Friday, September 21, 2007

A saint and an activist

disclaimer: sorry for the somber mood of this post. I think I've been reading too much Ecclesiastes recently.

Different people can see the same sin,the same injustice, the same oppression, and react oppositely. The activist, when he sees injustice, is thrust into the world, seeking to extract the sin from society. The saint, seeing the same injustice, is thrust into himself, seeking to extract the sin from his own heart. One is with the people. He works tirelessly in the heat of the sun to bring about restitution. The other is with no one but God, and toils in the heat of brutal examination. The activist is perpetually frustrated. When one hole is patched, another one just as big springs a little further down the line. Always searching for a clue without, he fails to notice the presence of the perpetrator within.

The saint has no false notions of moral exemption. And so, he stays hot on the trail of sin's inner descent. It's not that he doesn't go out into the world, he just does so with a different point of view. Like the activist, the saint walks the streets of a sin-sick society and seeks to administer mercy. Yet the world to him is like a mirror. It merely serves to reflect back the wickedness of his own heart. The dark, dingy alleys that surround him pale in comparison to the putrid pathways of pride in his own heart.

After a job well done, the activist rests easy. As he drifts off to sleep, he whispers a prayer; "God, give me one more day to make a difference." The saint next door is wide awake. He stares up at the ceiling and prays quietly; "Search me O God, and know my heart. Try me and know my anxious thoughts. See if there be any wicked way in me, and lead me in the way everlasting."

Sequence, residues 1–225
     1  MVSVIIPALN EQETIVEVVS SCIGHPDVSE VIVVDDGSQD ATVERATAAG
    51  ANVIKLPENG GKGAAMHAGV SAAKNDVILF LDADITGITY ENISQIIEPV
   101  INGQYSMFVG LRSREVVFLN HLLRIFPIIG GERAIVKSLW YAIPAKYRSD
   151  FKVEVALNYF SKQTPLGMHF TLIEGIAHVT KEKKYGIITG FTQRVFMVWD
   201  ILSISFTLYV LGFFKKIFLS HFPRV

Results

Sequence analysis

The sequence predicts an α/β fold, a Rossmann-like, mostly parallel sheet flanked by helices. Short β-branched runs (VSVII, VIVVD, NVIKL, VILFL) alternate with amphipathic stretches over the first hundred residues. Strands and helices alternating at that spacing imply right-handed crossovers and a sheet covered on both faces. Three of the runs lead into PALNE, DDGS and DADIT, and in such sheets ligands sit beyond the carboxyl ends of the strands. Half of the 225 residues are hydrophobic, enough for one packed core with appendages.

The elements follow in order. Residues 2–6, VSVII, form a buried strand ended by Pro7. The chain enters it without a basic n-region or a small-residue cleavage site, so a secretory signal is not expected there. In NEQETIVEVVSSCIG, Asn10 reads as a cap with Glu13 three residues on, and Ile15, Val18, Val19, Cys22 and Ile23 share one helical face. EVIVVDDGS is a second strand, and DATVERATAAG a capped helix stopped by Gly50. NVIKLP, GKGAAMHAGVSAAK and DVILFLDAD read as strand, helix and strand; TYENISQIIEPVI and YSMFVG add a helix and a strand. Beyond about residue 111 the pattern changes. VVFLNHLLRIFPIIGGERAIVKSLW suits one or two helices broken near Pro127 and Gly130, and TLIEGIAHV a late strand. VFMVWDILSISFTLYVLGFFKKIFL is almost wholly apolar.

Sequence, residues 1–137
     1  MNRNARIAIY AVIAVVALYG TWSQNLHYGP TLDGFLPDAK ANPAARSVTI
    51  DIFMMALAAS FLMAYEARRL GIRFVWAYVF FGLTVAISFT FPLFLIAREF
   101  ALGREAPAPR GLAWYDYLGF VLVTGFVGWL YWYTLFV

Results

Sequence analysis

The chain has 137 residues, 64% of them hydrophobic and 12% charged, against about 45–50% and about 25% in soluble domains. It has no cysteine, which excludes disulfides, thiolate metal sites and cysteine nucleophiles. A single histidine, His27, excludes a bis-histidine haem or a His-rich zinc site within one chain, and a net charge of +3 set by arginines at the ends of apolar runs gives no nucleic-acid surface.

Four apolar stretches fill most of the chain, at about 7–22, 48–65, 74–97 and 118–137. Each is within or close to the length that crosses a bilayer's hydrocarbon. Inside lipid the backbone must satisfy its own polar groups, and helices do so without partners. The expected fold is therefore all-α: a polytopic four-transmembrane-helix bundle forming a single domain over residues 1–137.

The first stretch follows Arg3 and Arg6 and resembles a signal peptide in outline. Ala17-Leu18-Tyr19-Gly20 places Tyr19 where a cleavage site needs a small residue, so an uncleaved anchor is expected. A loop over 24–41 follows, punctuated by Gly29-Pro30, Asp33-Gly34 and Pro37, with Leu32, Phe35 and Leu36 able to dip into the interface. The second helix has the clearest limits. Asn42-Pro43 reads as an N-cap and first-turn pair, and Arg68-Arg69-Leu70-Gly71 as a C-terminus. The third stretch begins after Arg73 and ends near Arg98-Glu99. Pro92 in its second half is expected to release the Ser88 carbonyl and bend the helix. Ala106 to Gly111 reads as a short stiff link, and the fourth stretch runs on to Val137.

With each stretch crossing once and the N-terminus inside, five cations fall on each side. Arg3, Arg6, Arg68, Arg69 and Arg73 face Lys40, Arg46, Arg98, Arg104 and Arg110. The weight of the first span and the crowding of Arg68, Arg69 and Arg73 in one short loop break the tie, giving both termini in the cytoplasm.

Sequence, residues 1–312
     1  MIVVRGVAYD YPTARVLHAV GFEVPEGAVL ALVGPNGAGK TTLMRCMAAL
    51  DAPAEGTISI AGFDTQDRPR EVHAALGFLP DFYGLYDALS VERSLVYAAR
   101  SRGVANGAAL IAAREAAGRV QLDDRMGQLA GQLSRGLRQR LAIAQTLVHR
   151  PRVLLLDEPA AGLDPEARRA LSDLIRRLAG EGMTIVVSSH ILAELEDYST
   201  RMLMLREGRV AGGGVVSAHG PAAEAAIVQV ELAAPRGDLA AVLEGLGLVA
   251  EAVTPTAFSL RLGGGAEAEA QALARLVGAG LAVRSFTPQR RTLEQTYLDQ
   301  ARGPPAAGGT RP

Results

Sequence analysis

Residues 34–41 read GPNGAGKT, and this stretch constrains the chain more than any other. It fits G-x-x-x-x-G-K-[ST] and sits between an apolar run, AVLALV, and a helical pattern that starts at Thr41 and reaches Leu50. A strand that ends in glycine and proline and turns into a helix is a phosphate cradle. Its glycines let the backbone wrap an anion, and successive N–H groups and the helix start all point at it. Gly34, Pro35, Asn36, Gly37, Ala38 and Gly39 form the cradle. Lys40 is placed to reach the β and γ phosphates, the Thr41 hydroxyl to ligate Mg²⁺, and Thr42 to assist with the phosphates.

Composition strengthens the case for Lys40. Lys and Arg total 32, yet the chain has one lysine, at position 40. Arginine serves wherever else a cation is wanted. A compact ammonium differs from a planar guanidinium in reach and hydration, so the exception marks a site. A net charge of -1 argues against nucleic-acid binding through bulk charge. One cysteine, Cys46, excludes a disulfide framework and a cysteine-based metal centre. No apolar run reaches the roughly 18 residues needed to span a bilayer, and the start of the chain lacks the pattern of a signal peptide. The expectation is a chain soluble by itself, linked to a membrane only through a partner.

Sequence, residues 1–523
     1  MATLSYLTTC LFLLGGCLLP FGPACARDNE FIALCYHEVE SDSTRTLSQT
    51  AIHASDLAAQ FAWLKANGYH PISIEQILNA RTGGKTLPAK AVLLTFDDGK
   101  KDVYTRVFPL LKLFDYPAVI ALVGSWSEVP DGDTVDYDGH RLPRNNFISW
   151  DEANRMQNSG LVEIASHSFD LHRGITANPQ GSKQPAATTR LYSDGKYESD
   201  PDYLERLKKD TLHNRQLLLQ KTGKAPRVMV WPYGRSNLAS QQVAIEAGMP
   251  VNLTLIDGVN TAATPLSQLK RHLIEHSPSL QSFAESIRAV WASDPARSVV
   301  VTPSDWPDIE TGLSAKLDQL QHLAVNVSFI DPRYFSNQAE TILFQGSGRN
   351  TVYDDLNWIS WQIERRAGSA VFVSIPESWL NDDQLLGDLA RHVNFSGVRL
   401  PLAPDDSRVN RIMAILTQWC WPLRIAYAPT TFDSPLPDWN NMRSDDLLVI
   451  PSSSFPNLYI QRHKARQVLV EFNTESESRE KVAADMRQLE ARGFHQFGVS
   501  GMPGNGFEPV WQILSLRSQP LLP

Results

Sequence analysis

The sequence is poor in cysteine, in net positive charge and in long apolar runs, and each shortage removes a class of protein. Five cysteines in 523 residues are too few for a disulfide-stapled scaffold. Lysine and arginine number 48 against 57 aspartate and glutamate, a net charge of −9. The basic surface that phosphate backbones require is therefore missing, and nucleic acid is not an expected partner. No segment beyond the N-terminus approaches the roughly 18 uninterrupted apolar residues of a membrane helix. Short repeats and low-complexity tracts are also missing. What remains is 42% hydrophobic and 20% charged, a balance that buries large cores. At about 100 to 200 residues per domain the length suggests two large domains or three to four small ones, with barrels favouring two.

These days, God is gently teaching me that he doesn't need any more activists, but that saints are in short supply.

Friday, September 7, 2007

Life as a Protest

Thomas Merton was a promising young writer, destined to become a martini-sipping socialite in 1940's New York. Fortunately, a radical conversion rescued him from the jaws of decadence and landed him squarely in a Cistercian monastery, deep in the woods of Kentucky. From there Merton, a monk stripped of his worldly identity, would become a best-selling author, amassing a legion of fans who would never lay eyes on him. Much of Merton's writings were spiritual in nature, offering a transparent glimpse into one man's search for Transcendent Truth. Yet every now and again, the good Father would point his pen directly at the sinful structures of American culture.

He wrote scathing rebukes of American foreign policy, and gave articulate expression to the injustices of racial intolerance. In this way, Merton was a paradox, both relevant and reclusive. Much of this paradox was reconciled after his death in 1968. It was then, upon venturing into his hermitage, that his fellow monks found stashes of News Week magazines and Bob Dylan records piled high next to his collection of theological commentaries.

So what would possess a gifted writer with a social conscience to take on the life of a hermit? Though he had many reasons for his pursuit of solitude, one of his most provocative motivations was the making of his life into a symbol of protest. It wasn't a rejection of the world, but of its values that led Merton into self-imposed exile. He rightly saw that a perverse quest for power stemming from deep shame on a personal level, led to nuclear warfare and genocide on a grander scale. He considered it to be the calling of every Christian to let their lives stand as a ringing indictment of a sinful society. And so, he lived his life as a resounding "no" to a value system that stood in opposition to the Good News of Christ Jesus.

In contrast, I find my resounding "no" to be muffled by the undeniable presence of greed and selfish-ambition. Likewise, if we Christians are supposed to be living life as a protest, I must say that we form a pretty sad picket line. At best, our witness is more of a resounding " Uh, I'm not so sure about this."